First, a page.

Graduate studies at Western
Sociological Theory 9 (1):22-33 (1991)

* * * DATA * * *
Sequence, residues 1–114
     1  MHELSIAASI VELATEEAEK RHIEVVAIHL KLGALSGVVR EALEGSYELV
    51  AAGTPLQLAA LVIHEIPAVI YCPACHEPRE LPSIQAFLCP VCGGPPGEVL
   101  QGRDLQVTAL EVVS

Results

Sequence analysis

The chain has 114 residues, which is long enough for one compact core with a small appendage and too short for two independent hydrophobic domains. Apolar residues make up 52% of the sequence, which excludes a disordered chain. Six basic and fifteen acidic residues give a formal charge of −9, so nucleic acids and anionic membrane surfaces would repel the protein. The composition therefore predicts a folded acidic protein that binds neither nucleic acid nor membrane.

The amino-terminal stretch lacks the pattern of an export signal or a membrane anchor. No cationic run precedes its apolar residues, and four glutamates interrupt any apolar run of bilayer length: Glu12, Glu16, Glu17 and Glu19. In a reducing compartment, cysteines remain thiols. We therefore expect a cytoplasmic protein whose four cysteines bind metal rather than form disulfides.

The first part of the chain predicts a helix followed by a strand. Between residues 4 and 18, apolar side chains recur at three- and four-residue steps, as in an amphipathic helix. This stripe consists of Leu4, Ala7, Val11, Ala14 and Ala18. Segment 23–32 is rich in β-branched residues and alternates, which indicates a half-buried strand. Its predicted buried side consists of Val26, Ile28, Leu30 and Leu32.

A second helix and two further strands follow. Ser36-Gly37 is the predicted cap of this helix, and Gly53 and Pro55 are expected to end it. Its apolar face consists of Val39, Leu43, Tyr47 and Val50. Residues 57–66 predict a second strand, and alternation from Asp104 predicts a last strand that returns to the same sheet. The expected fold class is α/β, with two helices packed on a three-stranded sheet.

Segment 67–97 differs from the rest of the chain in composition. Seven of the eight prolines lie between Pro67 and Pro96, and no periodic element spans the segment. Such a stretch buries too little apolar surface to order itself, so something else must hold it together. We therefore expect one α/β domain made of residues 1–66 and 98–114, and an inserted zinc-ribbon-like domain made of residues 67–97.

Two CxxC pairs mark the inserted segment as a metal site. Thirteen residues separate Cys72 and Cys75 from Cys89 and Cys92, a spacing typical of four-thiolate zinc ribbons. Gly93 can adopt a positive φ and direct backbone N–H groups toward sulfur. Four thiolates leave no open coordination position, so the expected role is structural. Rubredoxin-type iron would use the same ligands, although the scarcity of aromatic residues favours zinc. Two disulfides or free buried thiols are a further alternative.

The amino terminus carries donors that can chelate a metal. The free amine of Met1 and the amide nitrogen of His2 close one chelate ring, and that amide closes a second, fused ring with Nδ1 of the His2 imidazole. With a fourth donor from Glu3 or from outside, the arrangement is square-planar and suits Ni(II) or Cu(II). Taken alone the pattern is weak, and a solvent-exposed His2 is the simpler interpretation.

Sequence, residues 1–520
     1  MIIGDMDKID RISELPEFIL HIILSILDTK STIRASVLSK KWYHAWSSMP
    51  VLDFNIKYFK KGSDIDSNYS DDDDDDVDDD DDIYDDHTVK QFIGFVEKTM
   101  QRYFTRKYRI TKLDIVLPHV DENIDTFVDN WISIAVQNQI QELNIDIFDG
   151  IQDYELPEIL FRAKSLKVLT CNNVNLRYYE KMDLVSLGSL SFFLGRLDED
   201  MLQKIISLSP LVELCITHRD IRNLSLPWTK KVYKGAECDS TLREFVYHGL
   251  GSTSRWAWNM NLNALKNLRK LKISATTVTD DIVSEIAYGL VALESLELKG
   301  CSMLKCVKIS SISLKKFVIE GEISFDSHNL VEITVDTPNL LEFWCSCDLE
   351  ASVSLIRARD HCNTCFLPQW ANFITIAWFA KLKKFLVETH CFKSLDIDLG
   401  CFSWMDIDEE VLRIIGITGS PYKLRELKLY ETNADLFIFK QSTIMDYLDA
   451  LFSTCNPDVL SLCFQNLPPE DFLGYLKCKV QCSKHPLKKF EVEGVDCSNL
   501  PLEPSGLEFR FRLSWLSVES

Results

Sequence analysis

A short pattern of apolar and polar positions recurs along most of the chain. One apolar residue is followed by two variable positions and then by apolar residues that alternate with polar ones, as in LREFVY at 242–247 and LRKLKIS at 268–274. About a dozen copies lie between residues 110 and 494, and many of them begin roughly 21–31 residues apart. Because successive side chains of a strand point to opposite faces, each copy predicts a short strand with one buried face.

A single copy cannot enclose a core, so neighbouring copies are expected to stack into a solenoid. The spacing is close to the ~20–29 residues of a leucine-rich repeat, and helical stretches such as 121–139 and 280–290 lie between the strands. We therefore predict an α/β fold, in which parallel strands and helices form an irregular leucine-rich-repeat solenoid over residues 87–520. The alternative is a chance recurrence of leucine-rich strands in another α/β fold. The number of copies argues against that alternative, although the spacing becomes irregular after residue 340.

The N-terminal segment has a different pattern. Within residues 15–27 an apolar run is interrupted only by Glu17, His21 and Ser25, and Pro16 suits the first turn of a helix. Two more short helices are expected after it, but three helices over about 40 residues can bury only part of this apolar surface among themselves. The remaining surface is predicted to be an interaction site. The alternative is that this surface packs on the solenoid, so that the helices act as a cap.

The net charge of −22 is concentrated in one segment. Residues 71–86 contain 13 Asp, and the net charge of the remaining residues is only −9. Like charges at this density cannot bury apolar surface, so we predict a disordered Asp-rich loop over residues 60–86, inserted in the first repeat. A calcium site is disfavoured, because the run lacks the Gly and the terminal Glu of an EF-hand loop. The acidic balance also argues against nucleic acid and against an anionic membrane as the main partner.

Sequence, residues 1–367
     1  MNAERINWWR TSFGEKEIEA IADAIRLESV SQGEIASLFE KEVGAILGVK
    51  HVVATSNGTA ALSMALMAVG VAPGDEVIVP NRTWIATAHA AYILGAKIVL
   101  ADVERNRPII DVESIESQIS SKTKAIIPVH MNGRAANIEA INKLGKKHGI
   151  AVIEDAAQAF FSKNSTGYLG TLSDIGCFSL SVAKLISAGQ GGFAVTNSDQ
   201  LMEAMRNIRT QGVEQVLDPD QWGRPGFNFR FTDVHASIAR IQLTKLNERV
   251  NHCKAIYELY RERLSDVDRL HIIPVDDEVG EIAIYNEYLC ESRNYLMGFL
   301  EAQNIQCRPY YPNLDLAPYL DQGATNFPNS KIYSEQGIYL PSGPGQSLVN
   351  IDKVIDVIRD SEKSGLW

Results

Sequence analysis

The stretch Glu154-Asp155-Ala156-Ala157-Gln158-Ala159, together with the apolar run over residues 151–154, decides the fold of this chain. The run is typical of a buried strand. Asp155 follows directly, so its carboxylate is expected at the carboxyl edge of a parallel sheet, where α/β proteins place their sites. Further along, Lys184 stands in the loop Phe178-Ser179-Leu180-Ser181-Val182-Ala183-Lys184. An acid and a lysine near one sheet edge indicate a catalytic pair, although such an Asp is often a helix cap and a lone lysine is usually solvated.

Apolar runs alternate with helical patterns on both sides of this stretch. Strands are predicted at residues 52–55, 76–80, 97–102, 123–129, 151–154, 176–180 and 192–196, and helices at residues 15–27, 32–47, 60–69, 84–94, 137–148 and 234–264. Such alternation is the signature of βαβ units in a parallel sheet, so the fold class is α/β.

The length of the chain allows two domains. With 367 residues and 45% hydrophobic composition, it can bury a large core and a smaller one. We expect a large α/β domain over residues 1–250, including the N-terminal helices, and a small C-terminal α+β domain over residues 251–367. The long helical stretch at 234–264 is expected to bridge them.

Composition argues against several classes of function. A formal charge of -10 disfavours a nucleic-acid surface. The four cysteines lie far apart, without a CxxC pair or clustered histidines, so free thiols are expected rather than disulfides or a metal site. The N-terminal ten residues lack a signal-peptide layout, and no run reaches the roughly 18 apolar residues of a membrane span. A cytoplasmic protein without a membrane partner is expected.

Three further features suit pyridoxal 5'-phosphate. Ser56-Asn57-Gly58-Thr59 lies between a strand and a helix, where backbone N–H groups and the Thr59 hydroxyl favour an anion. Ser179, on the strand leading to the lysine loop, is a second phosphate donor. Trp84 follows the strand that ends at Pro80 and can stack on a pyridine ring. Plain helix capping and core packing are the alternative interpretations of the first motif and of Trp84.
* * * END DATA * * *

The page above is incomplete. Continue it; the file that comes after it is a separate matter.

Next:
|Abstract||The major emphasis of the "sociology of scientific knowledge" has been on the natural sciences. Recently, however, the field has taken a reflexive turn. I examine the relation between this kind of reflexivity and that in the history of the sociology of knowledge generally with an eye to assessing its place in social theory. Although reflexive adequacy, like other criteria for choice of theory, is not an absolute and overriding cognitive good, reflexive considerations often are critical in assessing the prospective claims of a research program and in evaluating the intellectual honesty and seriousness of these claims|
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